White House Chief of Staff Ron Klain suggested the student-loan payment pause may be extended again.
If not, Biden will "look at what we should do on student debt" before May, Klain told Pod Save America.
Some advocates have argued that if Biden can extend the pause, he can broadly cancel student debt.
White House Chief of Staff Ron Klain suggested student-loan borrowers may be on track for further relief before payments are set to resume on May 1.
"The President is going to look at what we should do on student debt before the pause expires, or he'll extend the pause," Klain told Pod Save America on Thursday.
"Joe Biden right now is the only president in history where no one's paid on their student loans for the entirety of his presidency. And so the question whether or not there's some executive action on student debt forgiveness when payments resume is a decision we're going to take before payments resume," Klain added.
—Pod Save America (@PodSaveAmerica) March 3, 2022
Student-loan payments have been on pause for nearly two years as part of pandemic relief. In December, Biden extended the pause again, through May 1. Given the continued extensions of the student-loan freeze, some lawmakers and advocates have argued that Biden should go ahead and wipe out some, or all, of the $1.7 trillion student-debt load altogether — but the president has been wary of his executive ability to act on the issue, despite his campaign pledge to do so.
Those pushing for broad relief have noticed the president's silence on the issue. He did not mention the student debt crisis once during his State of the Union address, which angered advocacy groups like the Debt Collective, who told Insider on Tuesday that 45 million Americans "with nearly $2 trillion in skyrocketing student loan debt heard rhetoric — not results — from President Biden tonight."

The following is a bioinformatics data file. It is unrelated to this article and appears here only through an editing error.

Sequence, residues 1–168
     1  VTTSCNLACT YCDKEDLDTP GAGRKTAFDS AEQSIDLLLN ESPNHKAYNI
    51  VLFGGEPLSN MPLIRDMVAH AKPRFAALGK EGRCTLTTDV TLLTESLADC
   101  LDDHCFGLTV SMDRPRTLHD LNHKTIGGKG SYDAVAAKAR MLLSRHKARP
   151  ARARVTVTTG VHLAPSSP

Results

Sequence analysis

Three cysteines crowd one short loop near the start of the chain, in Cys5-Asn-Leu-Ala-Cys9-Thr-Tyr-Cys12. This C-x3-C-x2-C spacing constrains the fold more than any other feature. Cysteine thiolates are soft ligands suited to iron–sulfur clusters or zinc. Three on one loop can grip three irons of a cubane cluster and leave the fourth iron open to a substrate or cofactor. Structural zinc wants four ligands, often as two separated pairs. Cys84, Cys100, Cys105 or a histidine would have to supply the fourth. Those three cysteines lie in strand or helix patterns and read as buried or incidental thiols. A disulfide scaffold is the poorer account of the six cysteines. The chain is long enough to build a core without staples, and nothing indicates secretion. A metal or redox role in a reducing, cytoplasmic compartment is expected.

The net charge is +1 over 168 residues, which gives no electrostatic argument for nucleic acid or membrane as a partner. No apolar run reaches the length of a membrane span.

The Debt Collective — the nation's first debtor's union — also launched plans for a student debt strike on Friday should payments resume in May, with the goal of helping borrowers get their monthly payments as close as possible to $0 while avoiding default.
Still, Klain's comments on Thursday suggest federal student-loan borrowers may be on track for more relief, but it's unclear whether that relief is the broad student-loan forgiveness for which many are calling. Despite pushback from some Republican lawmakers who argue loan forgiveness is bad for taxpayers and the economy, many Democrats maintain that the relief is an economic stimulus.
"A third extension would be welcome," New York Rep. Mondaire Jones said last week. "But we can't keep slapping Band-Aids on a deepening wound. The cycle of indefinite postponement is as unsustainable as the debt itself. And if the country can afford to keep putting off these loan repayments, we can afford to cancel the debt altogether."
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